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Kathleen Sebelius on Federal Funding of Abortion

From Catholic Culture News with my comments

In an interview published in The Washington Post, Secretary of Health and Human Services Kathleen Sebelius said that as a Cabinet official she supported PresidentBarack Obama’s pledge not to make abortion funding part of health care legislation but did not give her own opinion on the subject. She also refused to say whether she is heeding Kansas City Archbishop Joseph Naumann’s admonition not to receive Holy Communion, according to the interview transcript.

MS. ROMANO: You are pro-choice.

SECRETARY SEBELIUS: Yes.

MS. ROMANO: Do you think that the federal government should do some federal funding of abortions, personally?

SECRETARY SEBELIUS: Well, the President has made it pretty clear that Congress and the new health insurance plan will not provide federal funds for abortions.

Despite what the President may have said, multiple independent groups point out that the actual details of each of the bills that have been proposed all do in fact fund abortion. Further, every time an amendment has been proposed to specifically exclude abortion from the bill, those amendments have been voted down. So, while Sebelius can say that the President has “made it pretty clear,” if he really wanted to be clear he would state plainly that he will veto any bill that does not explicitly exclude abortion funding. In the end, that is really the only legislative power the President has; until he promises a veto he’s really not promising anything.

MS. ROMANO: Well, I know that. I was asking you what you thought.

SECRETARY SEBELIUS: I am the Secretary of Health and Human Services, and I will support the President’s proposal moving forward.

MS. ROMANO: You are also a pro-choice Catholic, and I was reading some stories out of your home state recently where one of the bishops took an action. Can you tell us a little bit about that?

SECRETARY SEBELIUS: Well, the Archbishop in the Kansas City area did not approve of my conduct as a public official and asked that I not present myself for communion.

It is not her conduct as a public official that gets her in trouble with the Church. It is her conduct as a Catholic who creates a public scandal to other Catholics that gets her in trouble.

MS. ROMANO: What did you think about that?

SECRETARY SEBELIUS: Well, it was one of the most painful things I have ever experienced in my life, and I am a firm believer in the separation of church and state, and I feel that my actions as a parishioner are different than my actions as a public official and that the people who elected me in Kansas had a right to expect me to uphold their rights and their beliefs even if they did not have the same religious beliefs that I had. And that’s what I did: I took an oath of office and I have taken an oath of office in this job and will uphold the law.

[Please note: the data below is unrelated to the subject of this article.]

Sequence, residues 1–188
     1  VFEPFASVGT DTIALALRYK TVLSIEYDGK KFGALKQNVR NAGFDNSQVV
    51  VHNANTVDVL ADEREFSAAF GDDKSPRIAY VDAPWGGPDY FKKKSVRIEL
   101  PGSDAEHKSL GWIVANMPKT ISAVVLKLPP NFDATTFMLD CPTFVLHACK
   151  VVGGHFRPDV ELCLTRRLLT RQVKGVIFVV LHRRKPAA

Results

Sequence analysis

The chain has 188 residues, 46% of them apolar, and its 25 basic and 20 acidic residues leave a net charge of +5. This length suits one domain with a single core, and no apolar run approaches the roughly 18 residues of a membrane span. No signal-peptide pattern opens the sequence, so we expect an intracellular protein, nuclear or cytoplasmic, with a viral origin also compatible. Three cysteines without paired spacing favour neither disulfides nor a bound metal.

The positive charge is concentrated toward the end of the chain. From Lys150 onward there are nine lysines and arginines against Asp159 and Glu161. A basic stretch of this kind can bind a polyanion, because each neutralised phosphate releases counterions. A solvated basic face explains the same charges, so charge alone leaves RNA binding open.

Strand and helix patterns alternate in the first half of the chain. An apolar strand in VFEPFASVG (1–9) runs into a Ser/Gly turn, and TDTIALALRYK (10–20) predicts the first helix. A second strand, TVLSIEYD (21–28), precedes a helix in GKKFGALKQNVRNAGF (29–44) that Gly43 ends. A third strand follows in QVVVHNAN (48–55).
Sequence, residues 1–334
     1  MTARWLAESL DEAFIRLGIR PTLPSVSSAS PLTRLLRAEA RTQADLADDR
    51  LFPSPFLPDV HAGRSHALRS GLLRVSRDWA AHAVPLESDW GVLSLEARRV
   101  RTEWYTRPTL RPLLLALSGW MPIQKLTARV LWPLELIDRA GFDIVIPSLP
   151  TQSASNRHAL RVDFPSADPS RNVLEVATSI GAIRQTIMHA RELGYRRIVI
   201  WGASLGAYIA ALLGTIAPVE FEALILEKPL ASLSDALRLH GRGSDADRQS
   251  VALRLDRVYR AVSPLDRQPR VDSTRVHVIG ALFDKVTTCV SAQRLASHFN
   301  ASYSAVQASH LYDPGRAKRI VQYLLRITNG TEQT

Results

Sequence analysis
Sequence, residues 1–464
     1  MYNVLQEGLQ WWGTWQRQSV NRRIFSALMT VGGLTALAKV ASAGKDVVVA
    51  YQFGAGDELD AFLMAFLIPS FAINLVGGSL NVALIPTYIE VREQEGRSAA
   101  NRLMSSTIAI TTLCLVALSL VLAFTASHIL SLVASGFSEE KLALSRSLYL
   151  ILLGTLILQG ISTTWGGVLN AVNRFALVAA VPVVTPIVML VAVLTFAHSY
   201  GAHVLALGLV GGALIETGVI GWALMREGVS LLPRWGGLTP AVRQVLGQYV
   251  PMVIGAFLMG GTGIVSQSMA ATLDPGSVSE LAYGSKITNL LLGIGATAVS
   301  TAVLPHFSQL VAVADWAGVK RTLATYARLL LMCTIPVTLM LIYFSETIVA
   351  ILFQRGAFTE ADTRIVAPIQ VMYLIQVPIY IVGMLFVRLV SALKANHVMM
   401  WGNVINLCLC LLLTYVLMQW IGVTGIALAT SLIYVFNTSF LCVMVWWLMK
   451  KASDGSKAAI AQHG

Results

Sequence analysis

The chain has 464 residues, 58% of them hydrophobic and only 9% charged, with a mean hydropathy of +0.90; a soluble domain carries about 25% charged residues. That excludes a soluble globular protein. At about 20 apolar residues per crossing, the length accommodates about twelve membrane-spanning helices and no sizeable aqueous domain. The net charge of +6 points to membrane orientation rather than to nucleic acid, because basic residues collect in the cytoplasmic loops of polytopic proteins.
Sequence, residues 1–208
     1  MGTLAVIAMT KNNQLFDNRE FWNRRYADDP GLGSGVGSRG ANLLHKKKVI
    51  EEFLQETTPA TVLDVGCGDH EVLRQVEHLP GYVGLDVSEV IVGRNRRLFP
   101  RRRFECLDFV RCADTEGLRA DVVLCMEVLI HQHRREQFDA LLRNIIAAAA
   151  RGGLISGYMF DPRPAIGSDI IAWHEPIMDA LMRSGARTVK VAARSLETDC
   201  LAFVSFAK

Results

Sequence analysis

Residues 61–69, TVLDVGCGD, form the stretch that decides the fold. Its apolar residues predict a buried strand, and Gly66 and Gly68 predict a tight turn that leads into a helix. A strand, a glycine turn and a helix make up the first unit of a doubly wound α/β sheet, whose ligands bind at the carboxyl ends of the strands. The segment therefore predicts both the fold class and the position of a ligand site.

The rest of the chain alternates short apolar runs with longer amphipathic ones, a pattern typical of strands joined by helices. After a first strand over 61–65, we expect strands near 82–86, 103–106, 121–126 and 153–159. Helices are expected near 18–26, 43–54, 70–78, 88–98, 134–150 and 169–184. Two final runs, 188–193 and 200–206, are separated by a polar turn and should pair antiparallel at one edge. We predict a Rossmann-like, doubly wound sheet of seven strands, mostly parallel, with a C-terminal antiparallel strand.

There are two key issues here. First, she uses the the excuse that public officials can behave immorally because they are just following orders. This is no different than if the leaders of Hitler’s Nazi party were to claim that they were personally opposed to slaughtering millions of innocent people but had taken an oath to separate this private belief from their public action. If the pro-abortion politicians of today can get away with the “just following orders” defense then we owe a huge apology to a lot of people we convicted of war crimes after WWII. An unjust law is no law at all. Further, the idea that Sebelius merely upheld the law is also false. She activelyvetoed pro-life legislation passed by both houses of congress duly elected to represent the will of the people to whom she claims she is beholden. Only 7% of the American people support abortion on demand as it is currently interpreted by our courts. Clearly it is not the will of the people that is being protected here.

Secondly, most dangerous is this attempt to turn abortion into a “religious” issue. Abortion has nothing to do with the “separation of Church and state” issue as Sebelius claims. Abortion is not merely a religious issue. This is an issue of civil rights. Can we continue to deny the rights of fellow members of the human race simply because of where they are located or what functions they are capable of performing? Any atheist can come to a logical conclusion that a baby growing inside its mother is a separate and unique human being that is alive. Every medical text book states this fact. The issue is whether we will continue to deny human rights to these human persons. That is a civil issue and separate from religion although religious people would no doubt fight for civil rights. 

MS. ROMANO: Do you continue to take communion?

SECRETARY SEBELIUS: I really would prefer not to discuss with you.That’s really a personal–thank you.

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